2005 Subaru Forester


2003 Subaru Forester

This 2003 review is representative of model years 2003 to 2005.
By Dan Jedlicka of MSN Autos
Rating: 7

Bottom Line:

More stylish and refined, but has carryover drivetrain.
  • Carlike
  • Roomy
  • Well-equipped
  • Average highway acceleration
  • Narrow rear door openings
  • High cargo area

The 2003 Subaru Forester looks sharper and is roomier and more refined than its predecessor, but could use more power for better highway performance.

The 2002 model was above-average in most respects. But the newest version, which went on sale this spring, is clearly better and a stronger competitor to rival sport-utilities such as the Toyota RAV4, Honda CR-V, Ford Escape and Mazda Tribute.

The Forester is more carlike than ever, now that it's built on the platform of the updated 2002 version of Subaru's Impreza sedan/station wagon. It has good ground clearance, but is designed mainly for on-road use. For one thing, its excellent all-wheel-drive system has no low-range gearing for rough off-road jaunts.

Sharper Styling
The 1990s Subaru SVX sports car was the only Subaru that ever stood a chance of winning a beauty contest, but the Forester's new styling provides it with a more distinctive appearance. It has a larger, more pronounced grille, contoured headlights, flared front fenders, blister-type, rear quarter panels and large, triangular taillights.

The styling doesn't just give the Forester a prettier face—it makes this sport-utility fractionally lower and more aerodynamic for lower wind noise. And the aluminum hood's front edges have been sculpted with "character lines" to help a driver better judge the body corners.

Also, the aluminum hood reduces weight far from the Forester's center of gravity to enhance handling. Roof rails and bumper beams also are aluminum for the same reason.

Easy To Maneuver
Weight is down about 100 pounds to approximately 3,100 pounds, although the body structure is stronger. The wheelbase is unchanged at 99.4 inches, but the Forester is fractionally shorter overall at 175.2 inches. It thus remains easy to maneuver and park.

For 2003, the base X trim replaces the L trim and the new high-line SX replaces the S trim. The X lists at $20,545, while the SX starts at $22,895. The ultimate Forester is the SX with a Premium package, leather upholstery and automatic transmission. It goes for $25,445.

The Forester always has had a good amount of standard equipment, so even the base X has air conditioning, cruise control, power windows, new AM/FM/CD weatherband stereo and folding rear seatbacks.

The XS adds automatic climate control, heated front seats, new 120-watt sound system, upgraded upholstery and rear disc brakes. It also has a new electronic brake distribution system for surer stops.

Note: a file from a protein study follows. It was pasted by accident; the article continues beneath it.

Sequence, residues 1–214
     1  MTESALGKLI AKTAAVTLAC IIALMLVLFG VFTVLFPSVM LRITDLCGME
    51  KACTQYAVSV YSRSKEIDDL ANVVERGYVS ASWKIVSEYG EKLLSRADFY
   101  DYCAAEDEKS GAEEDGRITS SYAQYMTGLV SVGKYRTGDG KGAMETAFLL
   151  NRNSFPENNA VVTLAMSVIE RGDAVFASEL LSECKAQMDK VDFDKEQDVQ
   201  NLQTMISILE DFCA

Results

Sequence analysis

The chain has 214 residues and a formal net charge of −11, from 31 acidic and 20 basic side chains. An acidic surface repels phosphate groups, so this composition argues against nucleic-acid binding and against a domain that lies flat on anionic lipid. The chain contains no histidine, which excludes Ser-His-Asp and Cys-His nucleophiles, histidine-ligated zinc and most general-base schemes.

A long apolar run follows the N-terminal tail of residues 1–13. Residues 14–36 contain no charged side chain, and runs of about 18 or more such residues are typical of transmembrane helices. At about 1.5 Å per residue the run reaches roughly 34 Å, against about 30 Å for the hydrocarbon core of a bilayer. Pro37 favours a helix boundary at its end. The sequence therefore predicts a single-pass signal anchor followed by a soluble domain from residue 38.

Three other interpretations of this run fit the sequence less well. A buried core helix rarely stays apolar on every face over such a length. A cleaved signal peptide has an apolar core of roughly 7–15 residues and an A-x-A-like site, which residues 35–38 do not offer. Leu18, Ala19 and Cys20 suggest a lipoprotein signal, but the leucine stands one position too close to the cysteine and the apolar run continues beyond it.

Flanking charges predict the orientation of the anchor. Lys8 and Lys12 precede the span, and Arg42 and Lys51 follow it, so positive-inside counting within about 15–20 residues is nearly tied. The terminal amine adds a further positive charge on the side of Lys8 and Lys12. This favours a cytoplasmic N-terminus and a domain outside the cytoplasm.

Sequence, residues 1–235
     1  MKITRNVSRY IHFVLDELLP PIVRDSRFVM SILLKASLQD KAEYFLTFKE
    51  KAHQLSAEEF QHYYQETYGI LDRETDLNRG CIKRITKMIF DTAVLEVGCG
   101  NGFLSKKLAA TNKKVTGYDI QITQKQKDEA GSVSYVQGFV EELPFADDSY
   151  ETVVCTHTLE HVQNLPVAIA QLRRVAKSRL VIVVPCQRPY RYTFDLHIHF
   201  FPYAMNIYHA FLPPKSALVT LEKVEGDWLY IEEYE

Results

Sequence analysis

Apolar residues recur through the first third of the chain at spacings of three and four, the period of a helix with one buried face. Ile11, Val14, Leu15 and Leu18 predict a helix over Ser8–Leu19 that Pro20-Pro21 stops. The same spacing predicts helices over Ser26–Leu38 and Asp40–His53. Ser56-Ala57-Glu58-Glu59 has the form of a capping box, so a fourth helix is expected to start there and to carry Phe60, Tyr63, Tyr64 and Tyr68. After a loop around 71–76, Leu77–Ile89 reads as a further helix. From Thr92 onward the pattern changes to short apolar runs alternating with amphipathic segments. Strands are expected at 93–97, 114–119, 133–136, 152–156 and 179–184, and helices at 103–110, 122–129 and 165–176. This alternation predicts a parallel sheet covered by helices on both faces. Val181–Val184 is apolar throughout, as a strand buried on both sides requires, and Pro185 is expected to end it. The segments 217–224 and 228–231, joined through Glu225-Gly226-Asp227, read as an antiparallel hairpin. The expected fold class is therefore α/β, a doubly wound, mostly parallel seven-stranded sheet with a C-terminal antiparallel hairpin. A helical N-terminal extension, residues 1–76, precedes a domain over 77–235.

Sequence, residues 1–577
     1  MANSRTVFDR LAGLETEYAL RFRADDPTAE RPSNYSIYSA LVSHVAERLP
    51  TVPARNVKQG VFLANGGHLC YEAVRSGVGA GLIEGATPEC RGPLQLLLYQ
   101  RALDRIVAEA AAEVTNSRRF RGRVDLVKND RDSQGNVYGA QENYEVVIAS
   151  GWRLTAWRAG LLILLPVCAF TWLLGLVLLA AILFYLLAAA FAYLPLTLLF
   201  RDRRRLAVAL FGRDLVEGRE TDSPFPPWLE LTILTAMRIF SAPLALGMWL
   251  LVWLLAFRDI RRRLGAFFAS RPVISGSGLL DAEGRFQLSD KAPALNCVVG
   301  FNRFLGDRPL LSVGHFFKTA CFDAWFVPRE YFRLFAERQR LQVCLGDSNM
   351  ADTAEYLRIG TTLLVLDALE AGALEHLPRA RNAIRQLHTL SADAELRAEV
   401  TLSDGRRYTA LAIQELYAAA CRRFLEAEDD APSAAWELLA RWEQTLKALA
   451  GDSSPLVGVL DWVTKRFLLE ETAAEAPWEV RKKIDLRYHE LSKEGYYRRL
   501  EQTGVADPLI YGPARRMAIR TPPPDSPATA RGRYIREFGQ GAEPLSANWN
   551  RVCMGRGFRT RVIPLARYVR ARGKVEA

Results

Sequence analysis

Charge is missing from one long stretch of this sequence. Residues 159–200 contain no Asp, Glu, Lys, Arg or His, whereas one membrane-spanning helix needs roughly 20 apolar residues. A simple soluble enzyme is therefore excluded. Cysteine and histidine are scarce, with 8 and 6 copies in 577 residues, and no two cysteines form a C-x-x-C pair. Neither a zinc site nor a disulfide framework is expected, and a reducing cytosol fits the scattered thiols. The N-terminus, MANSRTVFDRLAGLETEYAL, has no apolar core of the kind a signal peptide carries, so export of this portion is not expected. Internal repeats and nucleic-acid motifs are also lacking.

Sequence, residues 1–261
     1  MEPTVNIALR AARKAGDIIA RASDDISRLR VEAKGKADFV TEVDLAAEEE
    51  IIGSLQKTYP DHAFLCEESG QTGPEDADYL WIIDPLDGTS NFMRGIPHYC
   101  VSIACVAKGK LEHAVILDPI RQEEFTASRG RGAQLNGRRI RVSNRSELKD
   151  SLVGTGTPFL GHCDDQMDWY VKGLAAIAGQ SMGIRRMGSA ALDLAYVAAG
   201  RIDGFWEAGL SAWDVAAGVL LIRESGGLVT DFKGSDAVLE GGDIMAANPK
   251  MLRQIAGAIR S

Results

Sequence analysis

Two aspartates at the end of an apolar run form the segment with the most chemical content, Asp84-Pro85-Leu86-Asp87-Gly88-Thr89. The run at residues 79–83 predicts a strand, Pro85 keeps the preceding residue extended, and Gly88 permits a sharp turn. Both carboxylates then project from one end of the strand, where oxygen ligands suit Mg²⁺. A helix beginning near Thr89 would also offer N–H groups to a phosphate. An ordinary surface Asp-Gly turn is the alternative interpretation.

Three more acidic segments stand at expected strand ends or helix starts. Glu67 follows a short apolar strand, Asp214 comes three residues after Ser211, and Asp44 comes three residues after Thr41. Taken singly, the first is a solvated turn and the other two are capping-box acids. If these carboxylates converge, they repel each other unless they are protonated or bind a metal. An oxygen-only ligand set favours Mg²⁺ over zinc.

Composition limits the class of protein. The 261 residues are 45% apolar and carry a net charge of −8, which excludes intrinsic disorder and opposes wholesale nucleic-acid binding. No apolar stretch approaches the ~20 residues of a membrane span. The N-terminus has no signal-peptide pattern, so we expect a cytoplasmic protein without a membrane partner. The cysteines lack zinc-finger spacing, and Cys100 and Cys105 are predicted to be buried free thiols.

The Premium Package offered for the SX adds a big power sunroof, with leather upholstery offered as an option with the Premium Package-equipped trim.

A new keyless entry system does away with exterior passenger-side door and tailgate locks—although some might not consider that a plus.

Safety items include new front-seat head/chest side-impact airbags and "active" front-seat head restraints, along with a new dual-stage front-passenger airbag.

Average Highway Performance
The compact 2.5-liter, 165-horsepower 4-cylinder engine has been carried over from the 2002 Forester. However, another 15 to 20 horsepower would be appreciated; the single-overhead-camshaft engine provides lively performance to 60 mph, but acceleration then becomes average.

A 5-speed manual gearbox is standard, but a smooth $800 4-speed automatic transmission is offered for the two new trims.

The manual transmission has Subaru's Hill Holder clutch feature designed to prevent the Forester from rolling backwards when you release the brake pedal and keep the clutch depressed on a hill. But is there really anything new under the sun? The 1950s Studebaker also had such a "hill holder" feature.

Estimated fuel economy is pretty good: 21 mpg in the city and 26-27 on the highway.

Good Handling
The engine has a Porsche-style opposed piston layout that lets it sit low in the chassis. The result is a lower center of gravity and unusually good handling for a sport-utility. Also contributing to handling is revised suspension tuning, larger 16-inch (versus 15-inch) standard wheels and a wider rear track.

The Forester sweeps through curves at speeds that would cause drivers of some compact sport-utilities to slow down. Steering is accurate and the easily modulated brakes are larger in front and provide short stops, although the pedal is soft and has a long throw. A supple all-independent suspension provides a nice ride.

Functional Interior
The leather dresses up the functional interior, which is quiet except for some road noise. Improved front seats offer better lateral support when cornering. There’s decent room for four 6-footers, due in part to a slight increase in rear legroom and foot room. The floor is low, but narrow rear doorways hinder entry and exit. The rear pop-out cupholders look and feel flimsy.

A big tailgate makes it easy to reach the cargo area, which is wide but too high—putting tall outboard cargo against the rear windows. It can be enlarged by flipping forward the 60/40 split rear seatbacks.

Subaru offered only bare-bones cars with a bargain-basement image when it began selling cars here in the 1970s. The new Forester shows how far it has come.


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BB02 - 8/21/2014 5:20:24 AM